We didn’t have a power outage at all during this time, so your food in your freezer is fine, which is a big saving grace. In a lot of communities, you’ve got to throw out everything and start again. And just having patience at the storage, because all those employees also just went through this evacuation. So if we can be kind to one another.

You touched on this in passing, there’s a territorial election coming up. And much as I’m sat here grilling you from a municipal point of view, I’m interested in what you think territorially. What does the mayor of Yellowknife wish the territorial government would do differently in future?

Territorially and federally, we do need to look at how we can prepare our communities before a natural disaster, as well as during and then after. Leaving it just on the communities to do fire breaks? We did receive some funding from the federal government – it’s actually not enough to do all the fire breaks that we just did, but municipal governments are the poorest level of government so to be like, “it’s on you to do all of that pre-work to help protect your community” just isn’t realistic.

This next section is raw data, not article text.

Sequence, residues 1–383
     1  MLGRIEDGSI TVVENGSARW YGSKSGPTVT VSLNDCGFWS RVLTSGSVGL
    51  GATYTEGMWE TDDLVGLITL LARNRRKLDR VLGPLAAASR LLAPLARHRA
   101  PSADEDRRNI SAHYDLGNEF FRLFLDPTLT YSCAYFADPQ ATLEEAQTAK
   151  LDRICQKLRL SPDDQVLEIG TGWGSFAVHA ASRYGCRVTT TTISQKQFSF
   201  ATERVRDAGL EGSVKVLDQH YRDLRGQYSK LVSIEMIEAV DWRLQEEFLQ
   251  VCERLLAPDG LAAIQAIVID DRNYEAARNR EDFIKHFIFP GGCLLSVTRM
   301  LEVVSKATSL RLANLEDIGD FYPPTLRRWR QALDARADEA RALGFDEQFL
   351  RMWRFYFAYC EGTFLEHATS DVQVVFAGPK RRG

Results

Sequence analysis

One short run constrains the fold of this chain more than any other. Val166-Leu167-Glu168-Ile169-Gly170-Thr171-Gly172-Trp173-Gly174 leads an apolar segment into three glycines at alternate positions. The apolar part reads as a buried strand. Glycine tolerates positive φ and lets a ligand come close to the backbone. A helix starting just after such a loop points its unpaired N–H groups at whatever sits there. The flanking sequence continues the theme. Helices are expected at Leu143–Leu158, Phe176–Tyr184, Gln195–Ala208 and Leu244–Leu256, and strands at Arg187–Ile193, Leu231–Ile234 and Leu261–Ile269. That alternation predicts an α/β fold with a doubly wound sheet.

And then during the evacuation, I think, definitely those joint plans but working with other governments like the Government of Alberta. If Yellowknife has to evacuate again, making sure we’ve got those good relationships with Alberta and their reception centres. What supports are offered and what do northerners need?

And businesses: if I look at the wage subsidy program during Covid, that helped businesses continue to pay employees and that would have been beneficial during this time. We’re going to need a lot of financial support as well as what people might think of as light and fuzzy, but funding for community events. It’s actually really important for people’s mental health – and it’s the thing that generally gets cut first. But it’s definitely a need for those mental health and community events.

If Yellowknife had had a little more funding a little earlier on for things like fire breaks, and Yellowknife had done more over the past couple of years to work on things like that – because as we know, not a lot really happened here over the past couple of years – do you think authorities would have had more confidence in saying, actually, everyone can stay? You can shelter in place, because there are better defences here?